Nasser Hadian-Jazy, who teaches international relations at Tehran University, expects relatively quick progress on a nuclear deal, but is less optimistic about any immediate US-Iran breakthrough.
The reason? “A political structure exists in both countries which involves the hostile relationship,” and many of those who benefit are in positions of power and will “create all sorts of impediments,” says Mr. Hadian-Jazy in an interview.
“Just to see a US senator or congressman say something positive about Iran, he or she is going to pay a cost; but if they say negative things, they aren’t going to pay a cost for it,” he says. “It is exactly the same in Iran: If any member of the Iranian parliament says anything positive about the US or negotiation or improving the relationship, he or she is going to pay a cost. But [not] if they say a negative thing.”
Indeed, the idea of regime change in Iran still motivates some US lawmakers.
“The habit in Washington of seeing an enemy and committing all resources and attitudes toward it is going to be difficult to overcome,” says William Luers, a former senior US official and ambassador who directs The Iran Project.
“If the United States is capable of changing attitudes – and it’s not clear, given the congressional attitudes that have developed over the sanctions issue, that the president will be able to do what he probably has to do – [then] we’re at the edge of something that could be very important,” says Ambassador Luers, also speaking in New York.
4. The nuclear conundrum
Iranian officials have stated repeatedly that they do not want nuclear weapons, and even that they adhere to a past religious ruling by Ayatollah Khamenei rejecting such arms.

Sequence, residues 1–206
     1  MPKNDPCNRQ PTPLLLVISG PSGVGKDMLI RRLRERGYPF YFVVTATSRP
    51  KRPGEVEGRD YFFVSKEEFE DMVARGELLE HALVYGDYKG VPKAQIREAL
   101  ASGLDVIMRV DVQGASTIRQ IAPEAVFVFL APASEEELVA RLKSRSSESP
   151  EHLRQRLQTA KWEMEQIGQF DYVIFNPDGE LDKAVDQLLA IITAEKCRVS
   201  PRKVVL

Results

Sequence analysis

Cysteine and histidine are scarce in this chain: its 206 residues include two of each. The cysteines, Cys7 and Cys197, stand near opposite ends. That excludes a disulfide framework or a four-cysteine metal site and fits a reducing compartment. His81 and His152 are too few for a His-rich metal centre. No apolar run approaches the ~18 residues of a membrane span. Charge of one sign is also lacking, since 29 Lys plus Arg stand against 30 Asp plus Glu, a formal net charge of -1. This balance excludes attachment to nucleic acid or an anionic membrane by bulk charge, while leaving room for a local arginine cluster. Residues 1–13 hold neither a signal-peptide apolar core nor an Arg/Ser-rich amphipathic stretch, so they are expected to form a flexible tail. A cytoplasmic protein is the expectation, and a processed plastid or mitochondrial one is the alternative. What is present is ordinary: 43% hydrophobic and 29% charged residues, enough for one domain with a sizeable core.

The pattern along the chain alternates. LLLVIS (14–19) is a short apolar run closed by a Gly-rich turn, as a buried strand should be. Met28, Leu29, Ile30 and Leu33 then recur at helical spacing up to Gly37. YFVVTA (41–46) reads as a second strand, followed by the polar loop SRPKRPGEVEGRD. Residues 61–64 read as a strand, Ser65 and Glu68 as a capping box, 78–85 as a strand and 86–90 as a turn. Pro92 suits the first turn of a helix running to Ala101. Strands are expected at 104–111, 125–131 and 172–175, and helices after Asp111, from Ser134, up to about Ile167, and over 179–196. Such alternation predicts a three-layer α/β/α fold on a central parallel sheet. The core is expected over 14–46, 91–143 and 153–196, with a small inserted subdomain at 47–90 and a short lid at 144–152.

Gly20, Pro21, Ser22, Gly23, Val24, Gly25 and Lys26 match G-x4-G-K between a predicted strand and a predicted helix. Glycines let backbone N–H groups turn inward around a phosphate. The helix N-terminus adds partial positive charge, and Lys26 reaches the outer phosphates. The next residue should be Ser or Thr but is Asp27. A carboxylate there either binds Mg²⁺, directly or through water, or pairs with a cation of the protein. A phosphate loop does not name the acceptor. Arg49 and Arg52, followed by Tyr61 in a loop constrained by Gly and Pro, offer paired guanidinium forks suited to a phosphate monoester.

“That’s the key to the solution,” says Perkovich from Carnegie.
The watchwords should be “distrust and verify,” he says. “We know that the United States does not trust the Iranians, but what we don’t generally perceive is that the Iranians distrust us about a thousand times more, and that the leader has reasons for it.”
In his Washington Post piece, Rouhani writes that, “A constructive approach to diplomacy doesn’t mean relinquishing one’s rights.” For Iran, he writes, mastering the atomic fuel cycle “is as much about diversifying our energy resources as it is about who Iranians are as a nation, our demand for dignity and respect and our consequent place in the world.”
Still the US doesn’t trust Iran’s rejection of nuclear weapons, says Perkovich, “so the solution is going to be for them to provide enough transparency that verifies in fact that they don’t want nuclear weapons … that goes way beyond [uranium] enrichment and fuel cycles.”
Likewise, adds Perkovich, there is a burden of proof on the US side: “We say we don’t seek regime change but rather behavior change, and that they can have a peaceful nuclear program. They don’t believe that…. So we’re going to have to verify to them that we don’t seek regime change, [and] the obvious way to do that is pulling off the sanctions that have put the most pressure on the regime.”
5. Building on mutual interests
Iran’s new president notes shared strategic interests with the US, and that “the world has changed,” such that it is “no longer a zero-sum game,” but one in which “cooperation and competition often occur simultaneously. Gone is the age of blood feuds. World leaders are expected to lead in turning threats into opportunities,” writes Rouhani in the Post.
He also states that there are limits to using kinetic force. A decade and two wars after 9/11, “Al Qaeda and other militant extremists continue to wreak havoc,” while daily bloodshed continues in Iraq and Afghanistan, writes Rouhani. “The unilateral approach, which glorifies brute force and breeds violence, is clearly incapable of solving issues we all face, such as terrorism and extremism.”
The first example could be Syria, where Rouhani pledged his government’s “readiness” support dialogue for a solution. Both sides fear the rise of jihadi Islamist fighters among rebel ranks, even though Iran and the US back opposing sides on the battlefield.
“Iran’s in Syria. It is foolish of us to imagine that you are going to see a way through the Syrian crisis today without the involvement of the Iranians,” says Wisner. “It’s an accommodation that behooves us as Americans to take on and be aware of and be ready to undertake.”